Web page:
If you plan on applying for the 2017 Jim Nantz Award and STAA All-America program honoring the nation’s most outstanding collegiate sportscasters, start thinking now about what’s going to make you stand out.
Every year, the same errors in broadcasting fundamentals cause many applicants to not rank as high as they might have hoped. The broadcasts you do this Fall and Winter will help you win the award in the Spring.
These 17 tips will help your 2017 Jim Nantz Award reel rock:
- Don’t just give the score; Give context to the score. Did the team that just scored extend a lead or cut into a deficit? Are they leading by double digits for the first time or trailing by six for the first time? Giving score context contributes to the story lines in your game.
- Give time and score consistently.
- Make me care about your broadcast by consistently reminding me what’s at stake in the game and in the moment.
- Tell me which team has posession. Don’t assume I know based only on the names of the players.
- Don’t do a radio call on your TV broadcast
- In baseball, don’t just say “hit to Jones.” Tell me what position Jones plays.
- Use adjectives . . . please!!
- When doing TV, don’t neglect the score just because it is already on the screen. If you don’t give the numeric score, at least give me context. Tell me that the home team extends it’s lead to seven or the visitors crawl to within three.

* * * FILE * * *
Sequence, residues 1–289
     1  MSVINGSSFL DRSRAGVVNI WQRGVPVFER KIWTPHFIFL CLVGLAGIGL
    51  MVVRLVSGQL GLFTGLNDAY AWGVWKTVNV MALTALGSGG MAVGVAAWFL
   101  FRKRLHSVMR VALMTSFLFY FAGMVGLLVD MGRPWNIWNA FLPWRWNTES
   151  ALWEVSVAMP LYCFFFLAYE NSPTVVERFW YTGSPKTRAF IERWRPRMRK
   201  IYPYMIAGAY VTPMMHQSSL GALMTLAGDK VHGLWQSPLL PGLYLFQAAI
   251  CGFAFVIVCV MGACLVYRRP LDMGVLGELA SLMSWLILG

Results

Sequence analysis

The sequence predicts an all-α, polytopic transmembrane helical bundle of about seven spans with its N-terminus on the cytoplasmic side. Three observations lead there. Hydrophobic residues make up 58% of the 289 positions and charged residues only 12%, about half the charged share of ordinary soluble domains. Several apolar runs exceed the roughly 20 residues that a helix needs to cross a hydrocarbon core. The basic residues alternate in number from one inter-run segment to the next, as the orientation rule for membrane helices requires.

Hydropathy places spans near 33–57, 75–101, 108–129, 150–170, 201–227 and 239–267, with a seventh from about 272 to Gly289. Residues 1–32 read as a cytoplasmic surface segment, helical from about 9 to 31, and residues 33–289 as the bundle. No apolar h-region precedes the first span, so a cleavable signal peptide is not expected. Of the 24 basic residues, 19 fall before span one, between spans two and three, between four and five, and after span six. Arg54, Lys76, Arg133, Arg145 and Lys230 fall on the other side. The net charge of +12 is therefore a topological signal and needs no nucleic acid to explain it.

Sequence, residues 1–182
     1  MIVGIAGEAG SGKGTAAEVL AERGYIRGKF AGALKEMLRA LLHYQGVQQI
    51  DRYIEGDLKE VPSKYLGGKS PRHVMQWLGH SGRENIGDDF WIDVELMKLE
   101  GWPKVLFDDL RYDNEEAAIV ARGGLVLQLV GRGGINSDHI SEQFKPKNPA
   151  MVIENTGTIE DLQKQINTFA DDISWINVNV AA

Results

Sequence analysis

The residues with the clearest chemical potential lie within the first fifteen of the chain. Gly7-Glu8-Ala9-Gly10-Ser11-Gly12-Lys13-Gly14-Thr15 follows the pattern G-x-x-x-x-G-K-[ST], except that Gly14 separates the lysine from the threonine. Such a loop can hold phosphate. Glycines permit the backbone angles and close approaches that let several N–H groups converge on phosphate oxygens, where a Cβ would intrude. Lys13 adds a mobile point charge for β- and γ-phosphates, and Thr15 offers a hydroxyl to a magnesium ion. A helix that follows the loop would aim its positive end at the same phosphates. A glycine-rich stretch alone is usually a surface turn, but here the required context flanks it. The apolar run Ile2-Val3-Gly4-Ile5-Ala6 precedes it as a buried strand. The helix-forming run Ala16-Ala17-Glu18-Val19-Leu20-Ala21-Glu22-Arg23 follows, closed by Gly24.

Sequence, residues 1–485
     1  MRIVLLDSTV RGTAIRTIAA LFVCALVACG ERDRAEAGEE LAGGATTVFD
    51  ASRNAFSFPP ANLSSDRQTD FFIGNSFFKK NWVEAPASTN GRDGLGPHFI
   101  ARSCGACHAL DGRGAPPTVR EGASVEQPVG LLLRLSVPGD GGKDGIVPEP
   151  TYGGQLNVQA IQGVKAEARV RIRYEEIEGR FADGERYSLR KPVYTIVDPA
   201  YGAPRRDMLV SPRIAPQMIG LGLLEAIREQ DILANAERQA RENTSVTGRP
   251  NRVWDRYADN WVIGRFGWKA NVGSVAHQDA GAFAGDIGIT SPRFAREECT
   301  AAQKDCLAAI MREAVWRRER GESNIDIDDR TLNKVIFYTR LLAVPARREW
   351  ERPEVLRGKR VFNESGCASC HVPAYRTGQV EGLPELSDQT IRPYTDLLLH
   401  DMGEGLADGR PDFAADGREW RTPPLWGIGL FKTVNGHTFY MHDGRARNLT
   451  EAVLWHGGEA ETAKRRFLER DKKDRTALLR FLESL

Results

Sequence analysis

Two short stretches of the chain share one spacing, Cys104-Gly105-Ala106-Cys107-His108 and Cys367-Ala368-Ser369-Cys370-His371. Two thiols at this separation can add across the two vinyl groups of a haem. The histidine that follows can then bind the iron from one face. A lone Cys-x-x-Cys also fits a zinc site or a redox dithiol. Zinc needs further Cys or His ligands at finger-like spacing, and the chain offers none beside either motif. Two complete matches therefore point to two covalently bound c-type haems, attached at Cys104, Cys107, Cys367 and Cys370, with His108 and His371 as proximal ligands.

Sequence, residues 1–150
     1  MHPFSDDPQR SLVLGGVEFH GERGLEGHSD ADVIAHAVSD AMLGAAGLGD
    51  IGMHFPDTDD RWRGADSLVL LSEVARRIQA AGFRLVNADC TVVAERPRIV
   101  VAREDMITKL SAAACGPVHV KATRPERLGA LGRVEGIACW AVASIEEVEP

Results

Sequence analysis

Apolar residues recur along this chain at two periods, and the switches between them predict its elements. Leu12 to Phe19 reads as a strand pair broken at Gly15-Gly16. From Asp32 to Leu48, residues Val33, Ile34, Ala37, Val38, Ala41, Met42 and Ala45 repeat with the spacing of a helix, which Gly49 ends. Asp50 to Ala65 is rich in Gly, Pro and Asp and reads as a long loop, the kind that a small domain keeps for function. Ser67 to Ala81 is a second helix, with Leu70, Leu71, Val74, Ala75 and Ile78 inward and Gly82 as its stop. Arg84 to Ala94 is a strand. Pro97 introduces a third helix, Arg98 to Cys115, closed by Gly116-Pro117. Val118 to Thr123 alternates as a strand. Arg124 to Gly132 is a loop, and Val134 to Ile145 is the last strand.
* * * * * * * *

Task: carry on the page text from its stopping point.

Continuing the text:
- Be a good writer.
- Don’t say “no good” on missed shots. Describing made and missed shots is as important as describing the action.
- Don’t use the shot clock as a crutch. I don’t want to hear “the shot clock is down to 20.” It isn’t relevant until it gets to 10-seconds. Then its mandatory that you reference it.
- Smile when you’re on camera.
- Vary your pacing. Don’t always broadcast in third gear. Use second, fourth and fifth as well.
- Stop trying to sound perfect and let me hear you having fun.
- Don’t narrate every basketball pass. If it’s early in the shot clock and the ball is near half court, use that time to revisit your story lines.
- Be energetic on your TV packages.
- Avoid clichés. They’re lazy.
Finally, if you’re a play-by-play broadcaster, download the STAA Play-by-Play Pyramid. It’s what I’ll be using to evaluate your work.
I look forward to receiving your Jim Nantz Award application in the Spring!
Hi Ben — super! Glad you found the advice to be helpful. I hope the football broadcasts you’re doing for your local high school are going well!